“Bad Usage.” Rediker later defines it as “the violent disciplinary regime of the eighteenth-century deep-sea sailing ship, the ordinary and pervasive violence of labor discipline as practiced by the ship captain as he moved the commodities that were the lifeblood of the capitalist world economy.”

The resistance to a pattern of savage floggings, cheated wages, and the whole spectrum of rough and arbitrary authority on a shipboard dictatorship might be spontaneous and individual in the instant … but it was thick with the stuff of solidarity, and the fraternity of outlawry could make people equal across the boundaries of national rivalry and institutional racism — “Villains of all Nations,” as the title goes.

And the obdurate, like Fly, could every now and then move the pastors who were sent to thunder hellfire at them rather than the other way around.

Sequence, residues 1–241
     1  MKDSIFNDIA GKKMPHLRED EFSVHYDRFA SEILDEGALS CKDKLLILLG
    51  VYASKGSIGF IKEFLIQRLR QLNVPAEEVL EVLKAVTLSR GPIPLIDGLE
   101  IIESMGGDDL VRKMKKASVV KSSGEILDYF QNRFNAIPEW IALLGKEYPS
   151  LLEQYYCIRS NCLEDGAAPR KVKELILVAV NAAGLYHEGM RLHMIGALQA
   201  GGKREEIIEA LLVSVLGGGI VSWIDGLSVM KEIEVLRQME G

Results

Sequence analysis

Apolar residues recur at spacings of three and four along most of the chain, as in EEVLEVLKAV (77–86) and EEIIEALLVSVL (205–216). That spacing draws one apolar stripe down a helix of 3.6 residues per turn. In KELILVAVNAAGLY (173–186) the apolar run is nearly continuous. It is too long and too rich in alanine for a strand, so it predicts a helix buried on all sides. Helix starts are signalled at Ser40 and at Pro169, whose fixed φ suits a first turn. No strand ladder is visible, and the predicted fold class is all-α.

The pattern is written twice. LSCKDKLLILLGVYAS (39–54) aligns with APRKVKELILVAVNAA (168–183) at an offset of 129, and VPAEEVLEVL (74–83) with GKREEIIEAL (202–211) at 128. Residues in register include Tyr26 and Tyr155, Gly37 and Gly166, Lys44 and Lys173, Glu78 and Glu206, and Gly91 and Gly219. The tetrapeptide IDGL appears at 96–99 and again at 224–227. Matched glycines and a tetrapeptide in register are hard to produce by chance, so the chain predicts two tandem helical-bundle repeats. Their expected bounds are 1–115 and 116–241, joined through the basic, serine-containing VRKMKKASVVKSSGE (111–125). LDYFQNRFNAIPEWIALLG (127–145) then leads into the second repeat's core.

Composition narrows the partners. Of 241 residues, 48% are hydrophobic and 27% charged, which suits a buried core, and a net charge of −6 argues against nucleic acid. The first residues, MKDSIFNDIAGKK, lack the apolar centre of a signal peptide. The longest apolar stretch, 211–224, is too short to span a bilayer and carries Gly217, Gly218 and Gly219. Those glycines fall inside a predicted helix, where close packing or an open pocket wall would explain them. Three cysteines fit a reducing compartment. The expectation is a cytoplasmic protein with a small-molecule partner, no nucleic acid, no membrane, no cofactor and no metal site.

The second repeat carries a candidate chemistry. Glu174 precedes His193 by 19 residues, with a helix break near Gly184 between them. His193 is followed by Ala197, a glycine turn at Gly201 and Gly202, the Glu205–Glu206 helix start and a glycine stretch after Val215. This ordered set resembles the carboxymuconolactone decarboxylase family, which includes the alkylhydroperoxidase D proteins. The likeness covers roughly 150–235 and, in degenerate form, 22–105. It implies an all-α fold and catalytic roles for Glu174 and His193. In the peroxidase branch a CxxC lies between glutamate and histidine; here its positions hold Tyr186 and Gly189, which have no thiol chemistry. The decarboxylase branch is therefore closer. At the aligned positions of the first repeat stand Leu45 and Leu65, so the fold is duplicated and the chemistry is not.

As it happened, the “stupid” and “impenitent” pirate [Mather uses these words to describe Fly elsewhere] was able to convince the self-righteous minister of at least one primary cause of piracy. During his execution sermon, Mather made it a point to address the ship captains in the crowd, telling them in no uncertain terms that they must hereafter avoid being “too like the Devil in their Barbarous Usage of the Men that are under them and lay them under Tempations to do Desperate Things.”

After the hanging, William Fly’s body was gibbeted as a warning on Nixes Mate, a barely-there speck of an island at the mouth of Boston Harbor. For Rediker, this date marks the end of the Golden Age of Piracy.

Although the full book is worth the buy, a paper Rediker wrote on the subject prior the book’s publication is available free online.

Part of the Themed Set: Embarrassed Executioners.

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Entry Filed under: 18th Century,Capital Punishment,Death Penalty,England,Execution,Famous Last Words,Gibbeted,Hanged,History,Massachusetts,Notable Participants,Piracy,Pirates,Public Executions,USA